After receiving her bachelor's degree in Social Development Studies at the University of Waterloo in 1999, Angie Koch sought a different career path. Despite not having any experience in the field, she decided to become a farmer. In 2008, Angie founded Fertile Ground Farm, a local organization that aimed to give its customers the “freshest, highest-quality produce” that they could grow. Getting her hands caked with dirt was Angie’s way of giving back and making her mark in the Waterloo Region. “What surprised me was that producing food at a smaller scale and using ecological methods to sell directly to customers felt like community service,” said Angie when asked about the transition to becoming a farmer. “To me, it felt like a continuation of my community development skills that I had developed at Grebel.” 

“Angie’s work at Fertile Ground Farm is inspiring on so many levels” said Michael Shum, Chair of Grebel’s Alumni Committee. “Producing high quality food locally and sustainably is one way to help reduce food insecurity in Canadian communities, while also prioritizing the continuing health of the environment. Angie also ensures that her employees are paid a living wage. On behalf of Grebel,” Michael added, “we'd like to thank Angie for her work in giving the people of Waterloo Region a local and sustainable food option, while looking after the welfare of her employees and the environment!” 

Angie’s courageous business venture has continued to prove its worth. Fertile Ground Farm has grown alongside its patrons, as the local organization now provides food to more than 300 Waterloo Region households every week for 26 weeks of the year (June-December). It follows a Community Supported Agriculture model (CSA) where patrons pay for a subscription and receive an assortment of hand-picked vegetables weekly that vary depending on which produce is in season. Not only does this model ensure that Fertile Ground has a stable, predictable source of income, but it also establishes a bond between Angie and her local community. “One of the things I love is when patrons refer to Fertile Ground, they call it our farm,” said Angie. “There is a sense of ownership and community. That bond is economic, social, and educational.”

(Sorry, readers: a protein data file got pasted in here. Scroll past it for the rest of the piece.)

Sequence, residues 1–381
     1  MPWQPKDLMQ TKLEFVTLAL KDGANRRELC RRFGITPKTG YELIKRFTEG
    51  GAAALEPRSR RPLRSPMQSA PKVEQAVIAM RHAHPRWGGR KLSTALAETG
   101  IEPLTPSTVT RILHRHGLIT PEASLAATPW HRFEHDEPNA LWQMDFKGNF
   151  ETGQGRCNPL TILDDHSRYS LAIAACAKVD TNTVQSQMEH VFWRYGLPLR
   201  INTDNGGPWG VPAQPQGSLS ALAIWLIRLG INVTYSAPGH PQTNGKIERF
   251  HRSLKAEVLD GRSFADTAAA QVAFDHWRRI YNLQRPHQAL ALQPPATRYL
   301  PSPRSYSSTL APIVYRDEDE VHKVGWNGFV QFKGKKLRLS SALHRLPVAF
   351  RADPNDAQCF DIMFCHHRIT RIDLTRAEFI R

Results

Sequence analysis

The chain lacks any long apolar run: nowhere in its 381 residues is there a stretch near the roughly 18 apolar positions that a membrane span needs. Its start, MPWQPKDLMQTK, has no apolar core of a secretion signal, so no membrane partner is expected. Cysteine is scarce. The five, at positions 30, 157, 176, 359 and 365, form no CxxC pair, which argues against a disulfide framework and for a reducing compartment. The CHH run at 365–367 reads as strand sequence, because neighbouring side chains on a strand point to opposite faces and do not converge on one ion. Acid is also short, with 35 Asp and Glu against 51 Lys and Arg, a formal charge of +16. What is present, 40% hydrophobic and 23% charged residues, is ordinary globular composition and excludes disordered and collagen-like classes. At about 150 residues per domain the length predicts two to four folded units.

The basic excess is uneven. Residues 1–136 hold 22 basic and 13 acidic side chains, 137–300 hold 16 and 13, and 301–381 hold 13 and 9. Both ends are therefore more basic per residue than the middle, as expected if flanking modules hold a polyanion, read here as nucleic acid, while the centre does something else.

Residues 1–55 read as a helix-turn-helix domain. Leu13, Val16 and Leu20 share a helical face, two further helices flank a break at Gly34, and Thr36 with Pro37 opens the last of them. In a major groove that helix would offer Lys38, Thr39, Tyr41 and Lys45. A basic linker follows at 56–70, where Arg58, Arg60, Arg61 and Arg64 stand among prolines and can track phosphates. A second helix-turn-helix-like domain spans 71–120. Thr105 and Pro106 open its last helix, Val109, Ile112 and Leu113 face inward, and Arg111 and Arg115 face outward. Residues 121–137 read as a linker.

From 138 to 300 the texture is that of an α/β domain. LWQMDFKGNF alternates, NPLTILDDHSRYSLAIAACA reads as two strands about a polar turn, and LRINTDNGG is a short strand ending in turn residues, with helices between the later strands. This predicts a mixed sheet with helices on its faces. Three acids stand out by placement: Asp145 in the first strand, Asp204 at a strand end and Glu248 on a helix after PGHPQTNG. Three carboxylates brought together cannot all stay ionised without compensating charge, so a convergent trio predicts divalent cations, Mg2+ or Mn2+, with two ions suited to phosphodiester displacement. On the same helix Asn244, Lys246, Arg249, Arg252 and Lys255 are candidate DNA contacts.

Angie attributes many of the founding pillars of Fertile Ground to her experience living at Grebel. “Grebel helped me explore a sense of stewardship and community service. As someone who wants to give back, doing community work while at Grebel was something I discovered to be very meaningful. Grebel ingrained in me the idea of work being a vocation. It taught me to not just treat work as a paid pursuit, but something meaningful that would involve me in the community to create positive change.”

Angie holding a cat

Angie found her time as a Chapel Convener at Grebel to be particularly impactful. “We had a very diverse group of people of different faiths, which inevitably created some challenges. This gave me experience with how to navigate difficult conversations with respectfulness and trust. In my business, where the product is so direct with my customers, that trust is very important. My years at Grebel helped me understand how to develop a bond of respect, even if we don’t agree on everything.”  

Angie also noted that Fertile Ground Farm wouldn’t be possible without the support of her local community. “When I started Fertile Ground, it was those same friends that I made at Grebel who first bought CSA shares, invested in the business, and volunteered to help at the farm. I think I really found my people in Grebel who have supported me personally, as well as my business.”  

“When I think of Angie, I think of strong, dirty hands,” said Shauna Leis, member of the Alumni Committee. “Dirt under her fingernails and in the creases of her palms. Angie’s dirty hands speak of justice, gratitude, love, and humility. That passion for learning continues to flourish through her participation in projects like the Ecological Farmers Association of Ontario’s Farmer-Led Research Program and the Canadian Organic Vegetable Improvement Project. Through projects like these, Angie continues fueling her farming curiosity and continuously improves how her farm operates and the economic and environmental impact that it has.”  

Angie’s contributions to her community and to climate justice represent the ideals of Grebel and are worthy of recognition. For this reason, Angie has been selected as Grebel’s 2023 Distinguished Alumni Service Award winner. Environment Reps on Student Council are working with the Alumni Committee to plan an event to present Angie with the award to celebrate her connection to the earth and her commitment to environmental sustainability.

By Jiho Mercer